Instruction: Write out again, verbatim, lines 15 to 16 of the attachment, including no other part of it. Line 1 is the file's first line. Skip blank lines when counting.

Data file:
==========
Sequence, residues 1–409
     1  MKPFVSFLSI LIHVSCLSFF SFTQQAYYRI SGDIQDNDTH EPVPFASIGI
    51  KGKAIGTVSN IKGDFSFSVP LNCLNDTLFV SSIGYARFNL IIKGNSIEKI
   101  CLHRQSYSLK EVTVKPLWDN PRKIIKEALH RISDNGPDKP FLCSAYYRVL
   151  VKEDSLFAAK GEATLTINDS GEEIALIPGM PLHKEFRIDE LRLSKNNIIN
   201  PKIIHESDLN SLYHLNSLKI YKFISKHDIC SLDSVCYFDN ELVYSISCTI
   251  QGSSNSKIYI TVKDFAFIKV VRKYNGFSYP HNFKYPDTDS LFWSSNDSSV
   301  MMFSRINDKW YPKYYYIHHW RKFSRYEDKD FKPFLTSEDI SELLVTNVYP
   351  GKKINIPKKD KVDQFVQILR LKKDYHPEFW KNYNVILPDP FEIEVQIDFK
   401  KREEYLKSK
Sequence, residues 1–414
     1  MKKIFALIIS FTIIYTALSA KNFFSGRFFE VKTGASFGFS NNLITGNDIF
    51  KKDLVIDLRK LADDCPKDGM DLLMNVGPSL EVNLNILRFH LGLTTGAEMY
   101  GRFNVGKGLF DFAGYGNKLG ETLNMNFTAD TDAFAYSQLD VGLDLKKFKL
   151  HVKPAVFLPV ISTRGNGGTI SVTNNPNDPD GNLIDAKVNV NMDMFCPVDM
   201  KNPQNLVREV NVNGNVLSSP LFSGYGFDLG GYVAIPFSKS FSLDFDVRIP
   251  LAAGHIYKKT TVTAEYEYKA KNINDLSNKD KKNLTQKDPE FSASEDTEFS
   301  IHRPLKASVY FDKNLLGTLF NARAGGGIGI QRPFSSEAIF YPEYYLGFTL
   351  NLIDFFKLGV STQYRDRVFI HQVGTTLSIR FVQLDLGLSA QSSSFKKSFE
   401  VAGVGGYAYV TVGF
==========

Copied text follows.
   151  HVKPAVFLPV ISTRGNGGTI SVTNNPNDPD GNLIDAKVNV NMDMFCPVDM
   201  KNPQNLVREV NVNGNVLSSP LFSGYGFDLG GYVAIPFSKS FSLDFDVRIP